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The broker is the component in the COSMOS data collection framework that holds a registry of management data repositories (MDRs)*. The registry stores the addresses of the MDRs in the form of end point references, indexed according to the data classification and the data source type of the data. Each MDR provides the data classification and data source type information upon registration with the broker and maintains the relevant registry data over its life cycle. The broker provides interfaces for clients to make queries for the classifications and data source types available in the registry and for addresses of MDRs based on classifications and/or data source types. The interfaces are provided in the form of WSDM capabilities and Java interfaces.

The “broker” component is a logically centralized component in the COSMOS data collection framework. In practice, there can be multiple brokers, each responsible for a different group of management resources, for example, the distinction between data brokers and service brokers. However, the role and responsibilities of different kinds of brokers are the same. In the case where there are multiple brokers, there is a higher level lookup registry (the management domain) to find the address of the brokers.

  • MDR is a term defined by the Configuration Management Database Federation specification and is available at the

Broker Registry Indexes

The registry is a lookup table of the addresses of MDRs that have registered with the broker. The addresses are indexed with two pieces of information:

  1. Data Type Classification:
    • Data type classification (or simply "classification") is a well-known identifier that represents data with a predefined structure and meaning. It is analogous to a Java class definition.
    • Each classification identifier must be backed by a definition that defines the actual data structure or attributes of the classifier. The definition can be in the form of XML schema, database schema, or SML document.
    • Examples:
      • Common Base Events (CBE): CBE is a standard of event data which has a predetermined structure.
      • Hardware asset data: The attributes of hardware asset data (such as CPU speed, machine model number, hard drive space, etc) can be defined in standards like CML.
      • The classification does not have to be a public standard. A classification can be defined for a specific system, as long as the definition is a common knowledge among all MDRs. The definition must be available globally with the COSMOS data collection system, and there is a way to introspect the data structure of the classification. For example, we can define "statistical data" as the tuple (HeapMemoryUsed, NonHeapMemoryUsed).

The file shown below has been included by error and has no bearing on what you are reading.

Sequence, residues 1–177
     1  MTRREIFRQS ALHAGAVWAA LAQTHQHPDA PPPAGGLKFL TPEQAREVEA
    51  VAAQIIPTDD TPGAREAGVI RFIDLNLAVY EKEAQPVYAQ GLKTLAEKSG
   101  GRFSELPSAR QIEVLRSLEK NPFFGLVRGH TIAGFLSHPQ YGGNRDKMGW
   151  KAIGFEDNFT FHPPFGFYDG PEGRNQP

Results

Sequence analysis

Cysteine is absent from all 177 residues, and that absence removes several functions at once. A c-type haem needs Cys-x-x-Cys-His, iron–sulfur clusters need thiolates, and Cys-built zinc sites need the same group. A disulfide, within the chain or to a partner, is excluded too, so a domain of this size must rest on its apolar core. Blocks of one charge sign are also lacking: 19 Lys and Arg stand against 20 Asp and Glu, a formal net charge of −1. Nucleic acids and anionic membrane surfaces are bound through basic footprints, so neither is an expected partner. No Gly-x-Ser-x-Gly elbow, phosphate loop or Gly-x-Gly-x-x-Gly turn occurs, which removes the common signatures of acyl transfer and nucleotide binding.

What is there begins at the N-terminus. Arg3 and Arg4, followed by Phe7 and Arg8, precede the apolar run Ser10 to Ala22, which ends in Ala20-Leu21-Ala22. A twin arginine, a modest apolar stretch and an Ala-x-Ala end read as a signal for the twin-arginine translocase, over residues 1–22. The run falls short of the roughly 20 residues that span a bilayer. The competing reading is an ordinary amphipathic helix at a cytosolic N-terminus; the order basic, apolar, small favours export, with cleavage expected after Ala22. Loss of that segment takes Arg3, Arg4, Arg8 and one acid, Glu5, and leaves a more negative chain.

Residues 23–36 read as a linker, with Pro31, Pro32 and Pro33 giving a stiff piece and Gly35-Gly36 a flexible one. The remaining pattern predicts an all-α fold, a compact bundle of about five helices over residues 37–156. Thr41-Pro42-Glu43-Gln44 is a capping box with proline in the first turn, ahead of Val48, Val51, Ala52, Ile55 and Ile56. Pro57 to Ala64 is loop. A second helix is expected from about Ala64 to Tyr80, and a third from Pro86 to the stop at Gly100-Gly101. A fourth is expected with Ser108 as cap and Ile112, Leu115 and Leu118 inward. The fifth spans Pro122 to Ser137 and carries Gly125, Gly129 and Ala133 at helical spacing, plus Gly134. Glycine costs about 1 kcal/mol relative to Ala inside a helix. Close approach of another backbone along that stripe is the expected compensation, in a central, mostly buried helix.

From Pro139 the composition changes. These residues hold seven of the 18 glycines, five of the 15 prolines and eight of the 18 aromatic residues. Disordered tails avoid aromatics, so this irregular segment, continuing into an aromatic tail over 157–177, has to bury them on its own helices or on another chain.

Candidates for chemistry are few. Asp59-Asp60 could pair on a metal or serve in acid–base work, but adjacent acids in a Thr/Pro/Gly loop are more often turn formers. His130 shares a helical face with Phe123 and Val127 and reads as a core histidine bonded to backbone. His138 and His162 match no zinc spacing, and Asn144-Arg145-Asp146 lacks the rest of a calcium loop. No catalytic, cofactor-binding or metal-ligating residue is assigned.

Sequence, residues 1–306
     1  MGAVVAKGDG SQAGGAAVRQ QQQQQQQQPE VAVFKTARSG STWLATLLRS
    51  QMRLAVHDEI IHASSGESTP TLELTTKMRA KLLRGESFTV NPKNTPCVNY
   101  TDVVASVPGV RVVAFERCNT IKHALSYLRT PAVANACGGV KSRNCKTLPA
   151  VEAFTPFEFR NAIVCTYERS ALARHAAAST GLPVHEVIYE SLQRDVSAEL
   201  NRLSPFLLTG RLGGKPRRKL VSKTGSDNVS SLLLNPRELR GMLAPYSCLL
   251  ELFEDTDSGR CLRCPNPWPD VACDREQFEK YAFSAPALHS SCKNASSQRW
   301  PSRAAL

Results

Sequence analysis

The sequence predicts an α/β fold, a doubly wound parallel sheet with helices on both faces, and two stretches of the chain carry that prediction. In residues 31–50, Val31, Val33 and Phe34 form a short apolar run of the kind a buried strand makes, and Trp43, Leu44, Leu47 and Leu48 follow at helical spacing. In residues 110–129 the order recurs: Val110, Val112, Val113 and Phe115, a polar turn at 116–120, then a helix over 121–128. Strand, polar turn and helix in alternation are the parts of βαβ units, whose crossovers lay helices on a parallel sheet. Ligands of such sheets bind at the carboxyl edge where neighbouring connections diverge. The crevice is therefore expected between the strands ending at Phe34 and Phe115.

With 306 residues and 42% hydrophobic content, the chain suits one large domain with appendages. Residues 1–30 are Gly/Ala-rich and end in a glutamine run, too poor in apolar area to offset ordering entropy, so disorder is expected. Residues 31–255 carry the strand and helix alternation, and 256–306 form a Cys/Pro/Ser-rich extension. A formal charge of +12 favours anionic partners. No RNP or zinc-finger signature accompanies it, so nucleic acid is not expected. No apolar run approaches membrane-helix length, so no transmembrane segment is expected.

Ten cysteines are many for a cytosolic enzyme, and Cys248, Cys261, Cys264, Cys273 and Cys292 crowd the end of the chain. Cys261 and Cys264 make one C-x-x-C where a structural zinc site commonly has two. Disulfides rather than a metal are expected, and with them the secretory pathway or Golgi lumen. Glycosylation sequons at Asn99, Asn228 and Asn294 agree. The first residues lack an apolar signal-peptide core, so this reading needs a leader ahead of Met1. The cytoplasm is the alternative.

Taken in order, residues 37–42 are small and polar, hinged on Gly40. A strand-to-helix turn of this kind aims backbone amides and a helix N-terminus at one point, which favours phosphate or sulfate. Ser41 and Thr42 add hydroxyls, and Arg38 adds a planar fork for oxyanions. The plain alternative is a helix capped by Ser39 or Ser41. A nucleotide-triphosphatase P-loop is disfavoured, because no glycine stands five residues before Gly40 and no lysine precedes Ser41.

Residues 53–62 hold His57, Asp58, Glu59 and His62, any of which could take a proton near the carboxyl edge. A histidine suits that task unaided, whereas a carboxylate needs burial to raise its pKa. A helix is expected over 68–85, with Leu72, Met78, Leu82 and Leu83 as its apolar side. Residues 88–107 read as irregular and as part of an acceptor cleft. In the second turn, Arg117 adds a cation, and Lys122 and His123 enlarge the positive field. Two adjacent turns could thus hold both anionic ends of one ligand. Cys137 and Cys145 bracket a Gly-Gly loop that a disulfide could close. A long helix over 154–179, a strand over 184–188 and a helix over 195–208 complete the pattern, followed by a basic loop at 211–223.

• The definition of the classification may be represented by using the SML facet concept.
  2. Data source type:
    • The data source type value specifies the type of hardware or software that generated the data.
    • The data source of CBE data can be a web server or a network router.
    • Data source type identifies the type of data source, but not the instance of the data source.


  • Data classified by the same data type classification can originate from different data source types. (For example, CBE event data can be generated by web applications and network routers.)
  • SDMX data model is not used in the broker registry. The classification and data source type concepts can be mapped roughly to the key family and data source type of SDMX. We try to keep the semantics of separating data structure from the source of data.
  • The broker registry design is not standards-based. However, the design and implementation should allow the registry to be evolved to support CMDBf query and registration, and may alos use an implementation of WS-RC to store the registry data.

Broker Registry Structure

The registry can be composed of 3 database tables:

  1. Classification(cid, name)
  2. DataSourceType(did, name)
  3. MDR(epr, cid_fk, did_fk, state)

Example data

cid name

did name
10 Tomcat Server
20 Cisco router
30 SML Repository

MDR (values in brackets are referenced values)
epr cid_fk mid_fk state
EPR 1 1 (CBE) 10 (Tomcat Server) online
EPR 2 1 (CBE) 20 (Cisco Router) online
EPR 3 2 (SDMX) 10 (Tomcat Server) online